Consumers Reacting Differently To Inflation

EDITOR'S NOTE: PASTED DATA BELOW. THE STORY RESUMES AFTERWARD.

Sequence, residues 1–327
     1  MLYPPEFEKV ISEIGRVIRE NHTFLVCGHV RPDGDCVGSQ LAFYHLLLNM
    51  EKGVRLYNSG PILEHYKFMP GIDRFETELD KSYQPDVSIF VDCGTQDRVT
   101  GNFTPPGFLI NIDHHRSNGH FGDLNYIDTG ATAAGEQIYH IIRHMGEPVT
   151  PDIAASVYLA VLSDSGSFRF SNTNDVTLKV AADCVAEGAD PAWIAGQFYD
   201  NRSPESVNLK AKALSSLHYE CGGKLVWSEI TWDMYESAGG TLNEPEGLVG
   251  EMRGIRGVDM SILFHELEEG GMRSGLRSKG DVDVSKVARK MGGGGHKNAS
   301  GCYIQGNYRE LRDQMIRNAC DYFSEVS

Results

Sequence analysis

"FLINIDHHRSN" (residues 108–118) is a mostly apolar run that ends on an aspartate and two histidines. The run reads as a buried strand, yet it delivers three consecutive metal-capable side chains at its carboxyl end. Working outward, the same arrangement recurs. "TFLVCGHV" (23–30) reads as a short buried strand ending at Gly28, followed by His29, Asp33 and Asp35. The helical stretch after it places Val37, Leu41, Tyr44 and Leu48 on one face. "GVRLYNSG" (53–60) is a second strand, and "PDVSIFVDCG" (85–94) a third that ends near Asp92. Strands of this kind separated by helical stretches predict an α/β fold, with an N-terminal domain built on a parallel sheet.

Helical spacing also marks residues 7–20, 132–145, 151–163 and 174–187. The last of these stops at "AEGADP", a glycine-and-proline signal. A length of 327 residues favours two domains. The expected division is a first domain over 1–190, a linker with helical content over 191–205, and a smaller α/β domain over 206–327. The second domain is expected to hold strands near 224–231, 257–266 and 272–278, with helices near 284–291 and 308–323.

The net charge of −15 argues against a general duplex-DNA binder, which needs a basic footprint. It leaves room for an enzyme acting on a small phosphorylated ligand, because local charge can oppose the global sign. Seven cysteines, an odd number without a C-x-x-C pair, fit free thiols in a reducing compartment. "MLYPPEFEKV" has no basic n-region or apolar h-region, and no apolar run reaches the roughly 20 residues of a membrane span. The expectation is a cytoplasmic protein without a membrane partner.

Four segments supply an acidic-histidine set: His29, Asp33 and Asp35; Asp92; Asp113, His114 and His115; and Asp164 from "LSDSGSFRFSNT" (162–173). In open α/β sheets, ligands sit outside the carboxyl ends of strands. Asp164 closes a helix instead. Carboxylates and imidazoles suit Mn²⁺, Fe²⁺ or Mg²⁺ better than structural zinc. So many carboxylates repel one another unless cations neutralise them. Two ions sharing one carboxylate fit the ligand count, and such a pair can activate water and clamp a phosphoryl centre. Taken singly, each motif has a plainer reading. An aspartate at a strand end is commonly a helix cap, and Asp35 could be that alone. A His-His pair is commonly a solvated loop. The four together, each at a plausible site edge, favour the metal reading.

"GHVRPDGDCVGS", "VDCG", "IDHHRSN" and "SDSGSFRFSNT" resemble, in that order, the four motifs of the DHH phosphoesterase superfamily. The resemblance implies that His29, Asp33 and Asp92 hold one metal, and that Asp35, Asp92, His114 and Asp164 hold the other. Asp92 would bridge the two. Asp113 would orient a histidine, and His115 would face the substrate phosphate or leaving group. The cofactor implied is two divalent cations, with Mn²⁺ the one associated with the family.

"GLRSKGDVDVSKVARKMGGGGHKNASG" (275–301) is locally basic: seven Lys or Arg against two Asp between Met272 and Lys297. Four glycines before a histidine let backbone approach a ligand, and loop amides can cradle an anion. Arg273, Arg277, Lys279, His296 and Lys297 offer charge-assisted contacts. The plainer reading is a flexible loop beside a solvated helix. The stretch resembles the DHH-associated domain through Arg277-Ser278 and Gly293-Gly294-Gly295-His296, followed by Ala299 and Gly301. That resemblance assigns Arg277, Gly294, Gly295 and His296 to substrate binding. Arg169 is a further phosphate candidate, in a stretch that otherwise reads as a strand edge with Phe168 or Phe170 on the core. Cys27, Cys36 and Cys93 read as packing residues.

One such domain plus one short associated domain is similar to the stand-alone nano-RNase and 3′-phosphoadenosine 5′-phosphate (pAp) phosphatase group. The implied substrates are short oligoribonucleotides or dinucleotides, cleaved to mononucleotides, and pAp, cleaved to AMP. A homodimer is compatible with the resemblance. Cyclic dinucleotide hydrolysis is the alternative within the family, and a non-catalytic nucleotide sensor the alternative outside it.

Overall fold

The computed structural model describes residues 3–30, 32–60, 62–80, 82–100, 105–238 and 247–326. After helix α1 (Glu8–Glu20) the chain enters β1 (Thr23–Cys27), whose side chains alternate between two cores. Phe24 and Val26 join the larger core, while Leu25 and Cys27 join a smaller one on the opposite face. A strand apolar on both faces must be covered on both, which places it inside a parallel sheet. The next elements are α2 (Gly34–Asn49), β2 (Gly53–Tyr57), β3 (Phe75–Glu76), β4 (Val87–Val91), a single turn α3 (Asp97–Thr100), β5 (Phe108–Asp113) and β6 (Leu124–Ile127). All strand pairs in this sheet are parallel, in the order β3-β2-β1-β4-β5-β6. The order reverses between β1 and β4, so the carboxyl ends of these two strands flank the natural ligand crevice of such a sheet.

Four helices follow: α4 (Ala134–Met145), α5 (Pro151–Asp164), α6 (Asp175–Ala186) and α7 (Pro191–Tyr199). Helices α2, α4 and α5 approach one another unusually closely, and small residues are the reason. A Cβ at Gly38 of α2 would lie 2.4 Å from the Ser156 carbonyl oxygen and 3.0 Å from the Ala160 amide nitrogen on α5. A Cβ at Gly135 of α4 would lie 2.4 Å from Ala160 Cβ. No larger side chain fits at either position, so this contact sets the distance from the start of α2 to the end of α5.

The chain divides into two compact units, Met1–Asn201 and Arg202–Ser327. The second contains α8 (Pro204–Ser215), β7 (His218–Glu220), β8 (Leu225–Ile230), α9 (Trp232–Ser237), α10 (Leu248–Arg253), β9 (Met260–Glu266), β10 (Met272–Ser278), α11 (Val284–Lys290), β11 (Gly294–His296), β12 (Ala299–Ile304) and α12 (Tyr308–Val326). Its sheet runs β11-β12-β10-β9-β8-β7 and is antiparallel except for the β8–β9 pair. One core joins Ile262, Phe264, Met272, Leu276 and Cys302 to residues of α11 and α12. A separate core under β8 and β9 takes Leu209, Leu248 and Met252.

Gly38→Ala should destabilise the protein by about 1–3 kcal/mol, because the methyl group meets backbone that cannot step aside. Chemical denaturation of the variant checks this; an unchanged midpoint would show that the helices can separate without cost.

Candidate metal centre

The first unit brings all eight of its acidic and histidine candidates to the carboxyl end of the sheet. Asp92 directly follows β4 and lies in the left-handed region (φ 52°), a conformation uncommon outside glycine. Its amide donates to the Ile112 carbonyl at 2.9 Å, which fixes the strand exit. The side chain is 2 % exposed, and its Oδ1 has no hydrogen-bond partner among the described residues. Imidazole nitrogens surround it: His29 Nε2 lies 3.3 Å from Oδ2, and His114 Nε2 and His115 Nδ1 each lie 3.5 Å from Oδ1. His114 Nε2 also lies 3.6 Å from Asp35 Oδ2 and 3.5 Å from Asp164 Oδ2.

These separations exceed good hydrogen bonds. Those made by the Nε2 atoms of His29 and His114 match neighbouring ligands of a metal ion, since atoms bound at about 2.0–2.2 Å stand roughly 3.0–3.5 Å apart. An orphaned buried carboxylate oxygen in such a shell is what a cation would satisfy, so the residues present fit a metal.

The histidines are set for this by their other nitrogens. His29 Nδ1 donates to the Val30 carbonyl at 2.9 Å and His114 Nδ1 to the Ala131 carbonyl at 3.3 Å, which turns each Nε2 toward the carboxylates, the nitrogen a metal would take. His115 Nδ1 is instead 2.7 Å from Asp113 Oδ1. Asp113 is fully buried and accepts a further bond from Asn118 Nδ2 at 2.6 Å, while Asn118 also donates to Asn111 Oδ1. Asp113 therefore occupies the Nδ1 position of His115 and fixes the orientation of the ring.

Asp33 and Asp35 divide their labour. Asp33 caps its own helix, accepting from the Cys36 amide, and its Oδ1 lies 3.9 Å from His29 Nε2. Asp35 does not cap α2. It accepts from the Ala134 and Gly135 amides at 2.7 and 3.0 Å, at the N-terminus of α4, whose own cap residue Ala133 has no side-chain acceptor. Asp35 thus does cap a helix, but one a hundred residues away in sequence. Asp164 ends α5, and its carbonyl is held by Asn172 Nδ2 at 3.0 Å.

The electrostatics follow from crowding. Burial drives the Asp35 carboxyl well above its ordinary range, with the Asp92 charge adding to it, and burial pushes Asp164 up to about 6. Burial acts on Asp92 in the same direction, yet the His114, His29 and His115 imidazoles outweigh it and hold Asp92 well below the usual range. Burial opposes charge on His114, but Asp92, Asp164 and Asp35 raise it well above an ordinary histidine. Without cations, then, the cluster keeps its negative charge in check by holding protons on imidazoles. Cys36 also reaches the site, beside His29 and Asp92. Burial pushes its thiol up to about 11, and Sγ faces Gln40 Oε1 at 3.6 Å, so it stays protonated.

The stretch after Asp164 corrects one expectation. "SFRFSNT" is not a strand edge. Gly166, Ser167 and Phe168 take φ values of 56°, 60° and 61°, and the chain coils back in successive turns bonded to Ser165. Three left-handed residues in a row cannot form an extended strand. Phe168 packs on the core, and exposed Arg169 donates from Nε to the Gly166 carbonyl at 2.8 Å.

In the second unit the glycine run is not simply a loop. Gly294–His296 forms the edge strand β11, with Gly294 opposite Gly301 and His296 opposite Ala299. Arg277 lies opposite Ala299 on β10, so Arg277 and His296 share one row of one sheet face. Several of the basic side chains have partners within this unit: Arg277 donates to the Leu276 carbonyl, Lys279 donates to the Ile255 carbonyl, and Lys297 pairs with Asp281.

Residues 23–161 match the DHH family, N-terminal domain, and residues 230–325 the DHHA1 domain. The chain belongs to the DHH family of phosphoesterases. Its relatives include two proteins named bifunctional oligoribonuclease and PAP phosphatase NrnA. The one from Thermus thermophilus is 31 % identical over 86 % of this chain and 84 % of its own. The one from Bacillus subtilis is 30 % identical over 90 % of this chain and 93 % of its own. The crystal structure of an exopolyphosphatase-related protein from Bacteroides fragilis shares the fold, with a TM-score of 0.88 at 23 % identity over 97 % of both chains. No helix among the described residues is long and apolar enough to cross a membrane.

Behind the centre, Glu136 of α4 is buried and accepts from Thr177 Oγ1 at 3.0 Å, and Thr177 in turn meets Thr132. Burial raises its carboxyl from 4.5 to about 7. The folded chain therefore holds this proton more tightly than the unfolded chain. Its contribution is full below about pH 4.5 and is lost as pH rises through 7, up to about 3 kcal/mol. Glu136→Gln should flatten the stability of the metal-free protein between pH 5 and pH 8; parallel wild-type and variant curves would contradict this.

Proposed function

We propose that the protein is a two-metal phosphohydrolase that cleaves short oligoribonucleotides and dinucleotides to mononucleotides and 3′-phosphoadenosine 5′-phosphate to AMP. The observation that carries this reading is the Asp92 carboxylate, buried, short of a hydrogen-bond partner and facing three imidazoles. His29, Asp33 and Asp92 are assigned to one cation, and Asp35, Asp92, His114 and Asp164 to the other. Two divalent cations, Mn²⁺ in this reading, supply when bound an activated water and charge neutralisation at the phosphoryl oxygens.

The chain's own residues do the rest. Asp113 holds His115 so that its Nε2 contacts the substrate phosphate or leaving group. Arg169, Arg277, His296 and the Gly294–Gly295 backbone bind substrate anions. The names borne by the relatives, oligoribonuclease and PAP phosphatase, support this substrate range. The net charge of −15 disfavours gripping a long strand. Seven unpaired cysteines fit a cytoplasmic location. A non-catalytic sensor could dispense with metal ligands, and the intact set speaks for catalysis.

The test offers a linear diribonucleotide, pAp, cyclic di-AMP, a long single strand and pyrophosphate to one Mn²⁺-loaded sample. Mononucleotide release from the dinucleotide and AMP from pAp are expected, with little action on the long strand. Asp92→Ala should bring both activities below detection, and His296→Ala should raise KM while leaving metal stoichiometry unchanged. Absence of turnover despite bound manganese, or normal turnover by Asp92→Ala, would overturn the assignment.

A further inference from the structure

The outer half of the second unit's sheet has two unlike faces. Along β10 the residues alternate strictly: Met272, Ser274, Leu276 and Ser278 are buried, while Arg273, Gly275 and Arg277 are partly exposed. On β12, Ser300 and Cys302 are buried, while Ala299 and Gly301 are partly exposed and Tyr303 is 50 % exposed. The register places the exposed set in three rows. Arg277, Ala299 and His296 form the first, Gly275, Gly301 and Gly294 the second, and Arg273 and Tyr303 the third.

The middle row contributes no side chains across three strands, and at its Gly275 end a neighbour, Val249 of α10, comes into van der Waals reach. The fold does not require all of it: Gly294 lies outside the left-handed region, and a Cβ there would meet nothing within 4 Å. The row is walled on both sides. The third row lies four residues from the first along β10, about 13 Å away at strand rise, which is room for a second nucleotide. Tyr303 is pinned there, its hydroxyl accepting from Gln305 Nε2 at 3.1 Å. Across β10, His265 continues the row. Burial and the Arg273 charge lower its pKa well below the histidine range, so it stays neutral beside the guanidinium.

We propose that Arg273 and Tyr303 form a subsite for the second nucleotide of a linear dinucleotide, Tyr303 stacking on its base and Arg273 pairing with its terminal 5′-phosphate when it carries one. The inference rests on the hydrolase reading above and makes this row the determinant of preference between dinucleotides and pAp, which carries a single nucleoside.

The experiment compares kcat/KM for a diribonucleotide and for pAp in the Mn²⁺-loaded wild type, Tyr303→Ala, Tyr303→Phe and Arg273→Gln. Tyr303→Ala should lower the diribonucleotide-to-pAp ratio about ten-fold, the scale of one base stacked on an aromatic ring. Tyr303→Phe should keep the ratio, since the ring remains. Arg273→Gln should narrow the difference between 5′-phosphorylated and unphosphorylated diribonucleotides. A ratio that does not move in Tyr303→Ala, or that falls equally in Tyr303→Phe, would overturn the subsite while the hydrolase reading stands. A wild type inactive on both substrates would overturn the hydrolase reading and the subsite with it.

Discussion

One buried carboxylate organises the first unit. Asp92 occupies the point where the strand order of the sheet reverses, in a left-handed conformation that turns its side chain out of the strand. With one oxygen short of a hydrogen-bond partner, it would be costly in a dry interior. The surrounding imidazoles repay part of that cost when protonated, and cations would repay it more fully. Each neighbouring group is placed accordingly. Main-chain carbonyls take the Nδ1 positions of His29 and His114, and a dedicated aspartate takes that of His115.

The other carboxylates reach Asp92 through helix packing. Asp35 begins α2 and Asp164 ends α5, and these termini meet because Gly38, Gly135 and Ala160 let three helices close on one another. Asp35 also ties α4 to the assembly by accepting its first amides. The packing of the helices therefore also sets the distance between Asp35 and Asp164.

Consumers are reacting differently to high inflation than in the 1970s’ recession, says Eric Lascelles, chief economist at RBC Global Asset Management. He told PH&N Investment Services’ ‘Economic challenges/ Peaking inflation’ session they are deciding not to spend this time – which is not good for the economy in the long run, but good for reducing inflation. They are acting like this period of inflation is temporary, unlike the 1970s when they assumed it would be higher next year so they spent more. While there is an 80 per cent of recession next year, he expects it to be a “middling” one taking three to four years to recover, much milder than the ones that occurred following the pandemic and the great financial crisis (GFC). It took six to eight years to recover from the GFC recession. The pandemic recession recovered too quickly – less than two years. “In retrospect, maybe it was too fast to the extent it created a lot of distortions and problems of overheating based on just the velocity of that recovery,” he said. While inflation is very high this year, he expects it to become less high next year and then settle modestly above two per cent as commodity price increases, supply chain problems reduce, and monetary and fiscal stimulus ease. While these appear to be turning, it won’t snap back to two per cent and return to complete normalcy because it is too broad. There is inflation in every corner of economy and will take time to root out, he said.